The talented and versatile artist Alfredo Navarro España was a photographer and painter who first exhibited in Chapala in 1948 and was most active during the 1950s. One of his photographs of fishing nets at Lake Chapala was published by Arizona Highways in 1950, along with several of his drawings and paintings related to Mexican places and themes.
Guillermo Alfredo Navarro España was born on 27 June 1921 into a socially-prominent family in Guadalajara. His mother was Sara España Araujo. His father, Alfredo Navarro Branca, was a well-known architect who, among other things, designed and built the family home at Vallarta 1581, as well as the El Banco Industrial building, La Casa del Estudiante, and several schools in Guadalajara.
It is unclear how Alfredo acquired his artistic education but he became proficient in several media. Relatively little is known about his life beyond the details of some of the group exhibitions that featured his work.
The earliest of these is the “Third Annual Painting Exhibition” held at the Villa Montecarlo in Chapala from 21 August to 1 September 1948. Others exhibiting on that occasion included Rubén Mora Gálvez, Tom[ás] Coffeen, José [María de] Servín, F. Martínez Lois [? Lols?], Dolores de la Mora, Sterling Poindexter, E. Linares [Ernesto Butterlin] and Ruth Dunn.]
In March the following year, five artists held a joint exhibition at the Museo del Estado in Guadalajara. Alfredo showed his “abstract-surrealist” works alongside four artists of “the Ajijic group”: Louise Gauthiers, Ernesto Linares [Butterlin], Nicolás Muzenic and Tobias [Toby] Schneebaum.
Alfredo was also part of the “Fourth Annual Painting Exhibition” at the Villa Montecarlo in August 1949. Other exhibitors on that occasion included Nicolás Muzenic, Tobias Schneebaum, Shirley Wurtzel, Ann Woolfolk and Mel Schuler.
The November 1950 issue of Arizona Highways included various of his photos and paintings of Mexico. Perhaps in celebration, Alfredo took a flight from Guadalajara to Manzanillo that month in the company of Dorothea Wharton, Ernesto Butterlin, Nicolás Muzenic and John Garrell. The following images are a sample of those published by Arizona Highways.
Also included in the Arizona Highways magazine are several much simpler, but equally striking, paintings showing typical Mexican scenes (which may or may not be directly related to Jalisco or Lake Chapala).
The strong, geometric, composition of these works is very effective in conveying the essence of these festive occasions.
In December 1950, Alfredo was accorded the honor of a solo show at the Galeria de Arte Moderno in Mexico City. On display were 23 paintings, several of them on loan from the private collections of Sigi Weissenberg (a famous Bulgarian pianist), Daniel K. Davis and Ernesto Javelly. The paintings included one entitled “Chapala,” as well as others that may be related to the lake, such as “La pesca.”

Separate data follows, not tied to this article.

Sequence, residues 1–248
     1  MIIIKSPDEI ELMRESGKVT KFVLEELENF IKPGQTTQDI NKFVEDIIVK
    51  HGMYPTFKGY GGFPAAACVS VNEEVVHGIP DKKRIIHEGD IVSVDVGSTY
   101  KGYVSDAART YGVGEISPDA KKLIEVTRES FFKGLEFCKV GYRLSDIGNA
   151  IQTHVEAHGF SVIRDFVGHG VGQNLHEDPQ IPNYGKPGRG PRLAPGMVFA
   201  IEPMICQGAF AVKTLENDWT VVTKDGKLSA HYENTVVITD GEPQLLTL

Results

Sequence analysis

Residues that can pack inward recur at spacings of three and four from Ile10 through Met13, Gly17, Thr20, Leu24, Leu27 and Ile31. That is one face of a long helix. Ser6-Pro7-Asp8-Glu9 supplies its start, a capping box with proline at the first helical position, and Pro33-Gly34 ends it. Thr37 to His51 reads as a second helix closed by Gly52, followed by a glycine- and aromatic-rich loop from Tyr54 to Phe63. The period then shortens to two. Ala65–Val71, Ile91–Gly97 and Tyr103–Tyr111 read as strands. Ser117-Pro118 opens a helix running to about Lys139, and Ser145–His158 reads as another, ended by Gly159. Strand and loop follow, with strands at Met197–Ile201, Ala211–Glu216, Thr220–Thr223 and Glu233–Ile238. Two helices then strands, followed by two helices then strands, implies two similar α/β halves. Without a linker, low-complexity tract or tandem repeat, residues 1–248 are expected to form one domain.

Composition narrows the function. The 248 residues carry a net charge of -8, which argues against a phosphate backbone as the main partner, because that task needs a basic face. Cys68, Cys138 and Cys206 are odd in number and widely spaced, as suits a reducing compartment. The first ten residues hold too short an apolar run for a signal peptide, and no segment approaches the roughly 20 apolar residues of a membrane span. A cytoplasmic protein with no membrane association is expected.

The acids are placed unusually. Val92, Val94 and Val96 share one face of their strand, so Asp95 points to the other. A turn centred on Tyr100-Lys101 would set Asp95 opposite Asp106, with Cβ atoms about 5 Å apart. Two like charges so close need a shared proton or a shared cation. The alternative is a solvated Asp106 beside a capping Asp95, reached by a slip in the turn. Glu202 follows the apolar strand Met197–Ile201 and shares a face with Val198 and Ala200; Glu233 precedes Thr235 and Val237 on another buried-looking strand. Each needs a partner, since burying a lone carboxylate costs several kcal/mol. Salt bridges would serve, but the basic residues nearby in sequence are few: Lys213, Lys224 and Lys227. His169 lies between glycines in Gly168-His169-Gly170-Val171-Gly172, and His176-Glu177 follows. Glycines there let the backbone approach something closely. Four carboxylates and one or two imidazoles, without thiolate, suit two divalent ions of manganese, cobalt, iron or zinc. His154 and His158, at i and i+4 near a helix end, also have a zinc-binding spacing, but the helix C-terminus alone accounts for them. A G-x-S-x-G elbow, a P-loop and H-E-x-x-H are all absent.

Alfredo was sufficiently close to the painters teaching at the Ajijic Art Workshop that he is mentioned in Zoe Kernick‘s 1951 article about Ajijic, as one of the options for those looking for a lively social scene: – “Or one goes into Guadalajara for a party at the gay penthouse studio of surrealist painter, Alfredo Navarro.”
A critique of his work by Alfredo Leal appeared that year in Ariel, a literary broadsheet published in Guadalajara by Emmanuel Carballo, alongside monochrome reproductions of two of his paintings: “La Pesca” and “La Catedral Sumergida.”
Alfredo Navarro held a second one-man show in Mexico City in July 1957, at the Galeria Proteo in the Zona Rosa.
Almost exactly a decade later, at least two of his abstract works were included in a group show of contemporary Jaliscan artists at the Phoenix Art Museum in Arizona, alongside paintings by Xavier Guerrero, J. Jesus Serna, Gabriel Flores and Guillermo Chavez Vega.
Alfredo Navarro España died in Guadalajara on 18 November 2003.
- Arizona Highways, Nov 1950.
- Arizona Republic, 14 May 1967, 154.
- Boletín de música y artes visuales, Issues 11-12; Issues 14-22, Departamento de Asuntos Culturales, Unión Panamericana, 1951.
- El Informador: 27 Nov 1926, 22 Aug 1948, 13 Aug 1949, 24 Oct 1950, 3 Nov 1950, 19 Nov 2003.
- Zoe Kernick. 1951. Ajijic. Mexican Life, April 1951, 13-14, 58, 60, 62-63.
Comments, corrections or additional material related to any of the writers and artists featured in our series of mini-bios are welcomed. Please use the comments feature at the bottom of individual posts, or email us.
Tony Burton’s books include “Lake Chapala: A Postcard History” (2022), “Foreign Footprints in Ajijic” (2022), “If Walls Could Talk: Chapala’s historic buildings and their former occupants” (2020), (available in translation as “Si Las Paredes Hablaran”), “Mexican Kaleidoscope” (2016), and “Lake Chapala Through the Ages” (2008).